Prelude to the First World War: The Balkan Wars 1912-1913 [Hooton]
Author: E.R. Hooton
The fuse to the First World War was lit in the Balkans where simmering hatreds exploded into violence. Like a string of firecrackers, these hatreds had been fueled by attacks on the Turkish Ottoman Empire in the previous few years. From 1911-1912, Italy seized Libya. In 1912, the Balkan states united to drive Turkey out of Europe in the First Balkans War, and in the following year in the Second Balkans War, turned on each other in a division of the spoils which allowed Turkey to retain a foothold in Europe.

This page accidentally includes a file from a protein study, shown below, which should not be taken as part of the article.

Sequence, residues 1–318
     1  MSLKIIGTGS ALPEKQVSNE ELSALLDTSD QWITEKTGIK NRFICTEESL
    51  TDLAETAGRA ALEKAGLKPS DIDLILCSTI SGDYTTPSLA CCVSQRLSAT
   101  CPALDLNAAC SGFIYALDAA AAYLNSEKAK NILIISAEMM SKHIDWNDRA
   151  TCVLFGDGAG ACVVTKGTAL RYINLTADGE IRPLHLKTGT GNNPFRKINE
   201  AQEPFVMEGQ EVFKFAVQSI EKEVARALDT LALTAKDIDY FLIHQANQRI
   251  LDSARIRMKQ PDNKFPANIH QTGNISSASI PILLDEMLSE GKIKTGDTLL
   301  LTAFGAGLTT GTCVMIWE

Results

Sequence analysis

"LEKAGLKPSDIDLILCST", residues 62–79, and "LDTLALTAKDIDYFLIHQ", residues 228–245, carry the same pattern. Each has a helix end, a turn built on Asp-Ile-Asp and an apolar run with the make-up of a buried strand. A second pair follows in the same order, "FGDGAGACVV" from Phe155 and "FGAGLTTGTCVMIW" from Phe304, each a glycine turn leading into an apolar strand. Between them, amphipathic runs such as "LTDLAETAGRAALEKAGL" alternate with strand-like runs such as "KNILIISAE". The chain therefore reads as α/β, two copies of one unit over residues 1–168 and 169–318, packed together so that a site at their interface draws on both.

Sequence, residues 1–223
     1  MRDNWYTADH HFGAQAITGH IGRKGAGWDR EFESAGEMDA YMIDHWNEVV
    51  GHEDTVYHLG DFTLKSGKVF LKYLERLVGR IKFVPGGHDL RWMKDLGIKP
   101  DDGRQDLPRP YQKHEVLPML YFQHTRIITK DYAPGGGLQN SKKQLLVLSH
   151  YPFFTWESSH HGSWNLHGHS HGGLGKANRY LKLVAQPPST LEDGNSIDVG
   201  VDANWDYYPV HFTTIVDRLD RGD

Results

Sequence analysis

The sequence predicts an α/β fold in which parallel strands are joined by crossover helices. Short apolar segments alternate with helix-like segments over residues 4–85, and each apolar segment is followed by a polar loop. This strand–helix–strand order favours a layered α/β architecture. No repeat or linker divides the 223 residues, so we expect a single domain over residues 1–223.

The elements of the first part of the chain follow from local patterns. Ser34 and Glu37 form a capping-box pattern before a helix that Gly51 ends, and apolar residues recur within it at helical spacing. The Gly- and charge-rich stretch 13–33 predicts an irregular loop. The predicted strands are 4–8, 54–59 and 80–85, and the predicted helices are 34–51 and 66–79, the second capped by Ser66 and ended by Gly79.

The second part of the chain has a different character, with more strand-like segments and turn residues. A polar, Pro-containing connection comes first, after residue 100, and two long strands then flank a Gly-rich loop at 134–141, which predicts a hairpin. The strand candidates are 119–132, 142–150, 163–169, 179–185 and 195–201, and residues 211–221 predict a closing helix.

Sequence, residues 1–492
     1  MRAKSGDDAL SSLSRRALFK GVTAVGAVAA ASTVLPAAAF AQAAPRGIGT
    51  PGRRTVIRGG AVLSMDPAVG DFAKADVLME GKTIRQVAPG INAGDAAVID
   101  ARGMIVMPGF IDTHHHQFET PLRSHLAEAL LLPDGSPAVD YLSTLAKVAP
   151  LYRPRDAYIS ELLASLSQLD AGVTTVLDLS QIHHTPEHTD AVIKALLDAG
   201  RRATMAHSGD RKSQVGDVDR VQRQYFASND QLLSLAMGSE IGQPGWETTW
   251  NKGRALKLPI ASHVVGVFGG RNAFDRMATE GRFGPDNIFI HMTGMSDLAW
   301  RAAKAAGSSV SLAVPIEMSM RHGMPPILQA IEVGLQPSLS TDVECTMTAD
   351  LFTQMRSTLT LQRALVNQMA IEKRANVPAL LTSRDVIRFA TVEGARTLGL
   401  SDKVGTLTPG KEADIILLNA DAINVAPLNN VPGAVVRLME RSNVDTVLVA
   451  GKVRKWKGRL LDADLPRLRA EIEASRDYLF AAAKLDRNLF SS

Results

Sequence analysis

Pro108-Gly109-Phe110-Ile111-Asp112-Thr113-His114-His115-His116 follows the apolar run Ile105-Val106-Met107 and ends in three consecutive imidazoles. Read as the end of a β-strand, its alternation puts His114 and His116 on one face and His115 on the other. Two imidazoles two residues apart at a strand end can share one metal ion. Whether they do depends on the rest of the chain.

This was a war of land campaigns, sea battles and amphibious operations in which the new military technology was first used. Submarine and aircraft attacked ships, aircraft made reconnaissance flights and bombed troops while even electronic warfare was used. It also saw mirror images of the events in the First World War; Bulgarians driven from Salonika where an Allied army would later be contained and Turkish troops held back in the Dardanelles, their guns driving off a naval task force.
These now forgotten wars were the overture to the First World War and yet they have overtones a century later. The First World War saw echoes of these campaigns in Salonika and especially in the Dardanelles, while the ethnic tensions would erupt into further bloodshed after the Cold War ended as Yugoslavia collapsed during the 1990s.